The results presented herein support the notion that HDAC4 is localized in the cytoplasm and/or the nucleus. This is consistent with reports on the subcellular localization of the HDAC4 protein lacking the N-terminal 117 residues (9, 33). An interesting question is why, even for the same cell line, HDAC4 is nuclear in some cells but cytoplasmic in others (Fig. (Fig.1)1) (33). One possibility is that cell cycle progression may affect the subcellular localization. However, we did not find evidence that the subcellular localization of HDAC4 is regulated during the cell cycle (data not shown). Other possibilities include growth conditions, extracellular signaling events, and heterogeneity of cells in the cell lines used. Clearly, these interesting issues merit further investigation. While HDAC4 was evenly distributed in the cytoplasm, it occupied dot-like patterns in the nucleus (Fig. (Fig.11 and and4).4). Such nuclear dots have been observed by others (20, 33), but their physiological significance remains to be established.
The cytoplasmic and nuclear localization of HDAC4 suggests that it may have functions in both compartments. Alternatively, such a subcellular localization may simply serve as a regulatory mechanism for HDAC4. Since HDAC4 is known to be involved in transcriptional regulation (30, 33, 55), its cytoplasmic localization may negatively regulate its function in the nucleus. Indeed, the nuclear localization of HDAC4 is negatively regulated by binding to 14-3-3 proteins (Fig. (Fig.22 to to6).6). This also suggests that by analogy to DNA-binding transcription factors, the control of nuclear localization is an important regulatory mechanism for transcriptional coregulators. This is the case for at least two other coregulators, β-catenin and activated Notch (7, 42).
The distinct subcellular localization of HDAC4 also suggests that it is actively shuttled between the cytoplasm and the nucleus. Consistent with this suggestion, LMB treatment was found to elicit nuclear accumulation of GFP-HDAC4 (Fig. (Fig.1C).1C). Since LMB specifically inhibits CRM1 (10, 25, 37), HDAC4 may be actively exported in a CRM1-dependent manner. Using known consensus nuclear import and export sequences (35), we inspected the amino acid sequence of HDAC4 and found that it contains three putative bipartite nuclear localization signals and three potential leucine-rich nuclear export signals. Therefore, HDAC4 possesses putative intrinsic nucleocytoplasmic trafficking signals. It is tempting to speculate that the subcellular localization of HDAC4 is dependent on its nuclear import as well as on its nuclear export (Fig. (Fig.7).7). If its nuclear import dominates, more HDAC4 molecules end up in the nucleus, and if export dominates, the reverse is true. Therefore, factors that alter its nuclear import, export, or both will also affect the subcellular localization of HDAC4.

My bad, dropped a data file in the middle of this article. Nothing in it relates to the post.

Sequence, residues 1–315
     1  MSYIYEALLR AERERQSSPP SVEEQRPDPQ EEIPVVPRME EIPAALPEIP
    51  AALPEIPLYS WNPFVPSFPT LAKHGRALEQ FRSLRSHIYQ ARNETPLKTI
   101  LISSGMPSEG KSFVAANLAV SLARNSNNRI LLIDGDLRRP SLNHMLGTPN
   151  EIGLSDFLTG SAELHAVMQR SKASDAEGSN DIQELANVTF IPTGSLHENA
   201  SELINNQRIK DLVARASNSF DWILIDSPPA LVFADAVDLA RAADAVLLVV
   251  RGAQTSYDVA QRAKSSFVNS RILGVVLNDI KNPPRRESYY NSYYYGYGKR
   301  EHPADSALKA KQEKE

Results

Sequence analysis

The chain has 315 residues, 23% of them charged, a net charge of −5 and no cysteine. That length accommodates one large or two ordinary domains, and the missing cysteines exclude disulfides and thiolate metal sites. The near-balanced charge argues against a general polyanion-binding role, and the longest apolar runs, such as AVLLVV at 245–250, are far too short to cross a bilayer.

Besides its putative nuclear localization and export signals, HDAC4 also contains five putative 14-3-3 binding sites (Fig. (Fig.3B).3B). Importantly, we have found that HDAC4 interacts with 14-3-3 proteins (Fig. (Fig.22 and and3).3). Among the five putative 14-3-3 binding sites on HDAC4, only S246, S467, and S632 appeared to mediate the interaction (Fig. (Fig.3A3A to D). Consistent with this, the triple mutant S246/467/632A was completely incapable of binding to 14-3-3 proteins (Fig. (Fig.3E).3E). These findings indicate that HDAC4 possesses three functional 14-3-3 binding sites. By contrast, CDC25C contains only one 14-3-3 binding site (39). 14-3-3 proteins exist as homodimers in the cells (40, 59), so one molecule of HDAC4 may bind to two 14-3-3 homodimers with one of their four phosphoserine-binding pockets free. Interestingly, 14-3-3 proteins contain functional nuclear export signals within their binding pockets (40), raising the possibility that 14-3-3 proteins bind to HDAC4 and provide it with functional nuclear export signals (see below).